Gamifying Education

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Gamifying Education

What is encouraging is that all the resources focus on the need to make the learning experience relevant ("just-in-time"), personalized engagement, interactive, reflective, and authentic. Gamification can solve all those needs. Research has shown game-based learning is conducive to deductive reasoning, hypothesis testing, affective/motivational outcomes, and academic achievement. (Kapp, 119). Using the flipped-classroom, D2L and stations-rotations, gamifying the Junior/Intermediate classroom becomes much easier.



Name: Gerard Lewis Date: July 2014 - York Junior AQ

The foundational elements of interactive learning environments include: 1) Feedback (with consideration to the timing, tone, and delivery method)2) Construct (an artificial addition to make the experience more interesting, to provide information or to enhance effectiveness)3) Challenge4) Story (growing narrative)There are already many game-based programs that can be motivating, but some do not necessarily match with a classroom teacher's teaching style.


There is still a huge variety of "steps" to gamify education. Every book, website, resource has its own definition and there are no definite instructional guides on how to gamify the Junior Classroom. Many resources continue to push gamification as the use of badges, levels, points, but my experience and research do not find such extrinsic rewards genuinely learning-rich. No publishers have indicated on their websites anything about gamification, even though some connect to learning activities online (Pearson, Nelson).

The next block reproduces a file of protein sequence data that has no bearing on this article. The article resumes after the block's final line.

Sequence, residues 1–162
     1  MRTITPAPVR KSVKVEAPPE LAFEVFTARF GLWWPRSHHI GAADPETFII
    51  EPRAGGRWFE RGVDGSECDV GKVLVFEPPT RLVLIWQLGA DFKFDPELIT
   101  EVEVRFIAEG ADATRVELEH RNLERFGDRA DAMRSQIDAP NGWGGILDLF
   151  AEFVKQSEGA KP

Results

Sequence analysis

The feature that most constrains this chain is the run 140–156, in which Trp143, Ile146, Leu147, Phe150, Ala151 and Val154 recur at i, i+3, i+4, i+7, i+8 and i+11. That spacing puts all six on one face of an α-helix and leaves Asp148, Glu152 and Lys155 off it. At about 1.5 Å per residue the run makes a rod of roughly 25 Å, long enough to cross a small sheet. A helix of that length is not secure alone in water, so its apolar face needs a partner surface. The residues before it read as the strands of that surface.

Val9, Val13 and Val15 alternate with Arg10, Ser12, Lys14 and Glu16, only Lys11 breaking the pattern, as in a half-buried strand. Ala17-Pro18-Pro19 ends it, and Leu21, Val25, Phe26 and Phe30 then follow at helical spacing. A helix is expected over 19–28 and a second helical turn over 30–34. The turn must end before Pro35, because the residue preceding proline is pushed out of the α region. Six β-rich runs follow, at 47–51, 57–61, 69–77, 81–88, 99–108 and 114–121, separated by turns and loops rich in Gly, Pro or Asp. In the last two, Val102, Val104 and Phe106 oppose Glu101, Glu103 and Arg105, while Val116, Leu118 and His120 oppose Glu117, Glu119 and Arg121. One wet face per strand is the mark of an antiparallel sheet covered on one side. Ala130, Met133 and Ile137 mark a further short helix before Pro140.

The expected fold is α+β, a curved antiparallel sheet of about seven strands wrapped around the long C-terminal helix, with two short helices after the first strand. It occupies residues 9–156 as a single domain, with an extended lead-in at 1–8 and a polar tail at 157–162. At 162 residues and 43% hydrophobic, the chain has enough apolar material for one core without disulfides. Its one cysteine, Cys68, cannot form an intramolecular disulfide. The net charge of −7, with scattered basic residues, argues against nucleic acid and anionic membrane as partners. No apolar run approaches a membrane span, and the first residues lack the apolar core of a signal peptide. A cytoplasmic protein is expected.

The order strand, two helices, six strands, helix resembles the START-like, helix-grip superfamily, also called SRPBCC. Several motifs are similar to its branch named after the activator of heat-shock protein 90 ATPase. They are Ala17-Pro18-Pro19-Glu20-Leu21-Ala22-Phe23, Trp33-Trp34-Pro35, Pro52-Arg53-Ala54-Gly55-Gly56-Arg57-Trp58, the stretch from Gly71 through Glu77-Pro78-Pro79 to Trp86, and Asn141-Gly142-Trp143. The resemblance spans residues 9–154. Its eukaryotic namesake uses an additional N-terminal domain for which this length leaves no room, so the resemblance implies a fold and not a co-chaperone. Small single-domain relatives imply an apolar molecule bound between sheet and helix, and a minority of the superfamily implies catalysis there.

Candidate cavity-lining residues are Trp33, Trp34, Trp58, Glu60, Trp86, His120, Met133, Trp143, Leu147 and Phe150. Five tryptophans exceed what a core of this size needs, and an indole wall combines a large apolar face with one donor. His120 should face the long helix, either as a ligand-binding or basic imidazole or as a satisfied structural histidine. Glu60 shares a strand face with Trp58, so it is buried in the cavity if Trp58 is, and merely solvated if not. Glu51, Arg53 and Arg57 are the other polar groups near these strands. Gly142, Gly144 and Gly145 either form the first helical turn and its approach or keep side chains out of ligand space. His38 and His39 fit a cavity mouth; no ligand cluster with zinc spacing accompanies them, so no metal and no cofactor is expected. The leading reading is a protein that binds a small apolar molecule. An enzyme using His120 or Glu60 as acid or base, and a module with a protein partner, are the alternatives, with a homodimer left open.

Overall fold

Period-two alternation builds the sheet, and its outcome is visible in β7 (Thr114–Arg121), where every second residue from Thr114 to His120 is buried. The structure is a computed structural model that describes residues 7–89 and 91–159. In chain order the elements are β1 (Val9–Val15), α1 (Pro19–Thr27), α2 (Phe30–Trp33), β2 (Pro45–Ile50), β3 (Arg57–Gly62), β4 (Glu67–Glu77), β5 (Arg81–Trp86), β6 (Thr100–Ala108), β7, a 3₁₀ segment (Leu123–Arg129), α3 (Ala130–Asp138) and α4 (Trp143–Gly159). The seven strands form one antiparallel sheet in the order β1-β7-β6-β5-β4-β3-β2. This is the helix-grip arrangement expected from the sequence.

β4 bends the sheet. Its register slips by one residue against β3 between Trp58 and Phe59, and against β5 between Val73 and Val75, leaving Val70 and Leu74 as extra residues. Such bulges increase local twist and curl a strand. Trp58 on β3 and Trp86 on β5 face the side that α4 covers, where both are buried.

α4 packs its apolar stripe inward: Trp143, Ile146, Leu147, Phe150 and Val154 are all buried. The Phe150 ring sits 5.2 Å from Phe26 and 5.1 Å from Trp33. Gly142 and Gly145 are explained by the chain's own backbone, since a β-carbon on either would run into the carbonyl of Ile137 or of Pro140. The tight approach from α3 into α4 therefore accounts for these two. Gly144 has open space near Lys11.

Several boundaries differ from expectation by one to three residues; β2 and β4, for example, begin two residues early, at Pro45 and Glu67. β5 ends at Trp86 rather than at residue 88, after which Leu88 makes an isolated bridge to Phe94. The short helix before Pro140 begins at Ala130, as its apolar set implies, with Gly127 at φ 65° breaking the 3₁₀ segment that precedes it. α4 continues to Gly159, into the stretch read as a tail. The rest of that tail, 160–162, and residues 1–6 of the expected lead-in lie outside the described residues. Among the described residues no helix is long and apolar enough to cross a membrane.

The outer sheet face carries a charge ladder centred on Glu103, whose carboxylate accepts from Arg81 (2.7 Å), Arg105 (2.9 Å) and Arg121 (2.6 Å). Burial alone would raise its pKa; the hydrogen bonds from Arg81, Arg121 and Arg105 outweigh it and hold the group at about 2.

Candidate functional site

Self-Directed Learning: Unit 3



Gamifying Math:


Game: A system in which players engage in an abstract challenge, defined by rules, interactivity, and feedback, that results in a quantifiable outcome often eliciting an emotional reaction. (Kapp, 2012). Game activities include: matching, collecting, allocating resources, strategizing, building, puzzle solving, exploring, helping, role playing. Gamification: Using game-based mechanics, aesthetics, and game-thinking to engage people, motivate action, promote learning, and solve problems.There are two types: structural (points, badges, levels, etc.) and content (narrative, story, challenge) Simulation: Realistic, controlled-risk environment where learners practice behaviours and experience the impacts of decisions.

Kapp, K. M., & Blair, L. (2014). The gamification of learning and instruction fieldbook: ideas into practice. San Francisco, CA: Wiley.The Gamification of Education Infographic #gamification #edtech. (n.d.). Retrieved July 10, 2014, from 10 Education Gamification Examples that will Change our Future. (n.d.). Yukai Chou Gamification. Retrieved July 10, 2014, from by @victormanriquey: Gamification Design Steps: An Introduction (I). (n.d.). Retrieved July 10, 2014, from

Intro Video:

Meyer, D. (2013, May 17). Making Math More Like Things Students Like: Video Games. OAME 2013. Keynote conducted from Seneca College , Toronto.

Game-based learning:-Prodigy Math-Minecraft-Reflex Math-Chess-Trivial Pursuit-Hangman-Sheppard Software Math-MathCLIPS (EduGAINS)Gamification:-See Dan Meyer's and @victormanriquey's ListSimulations:-Gizmos


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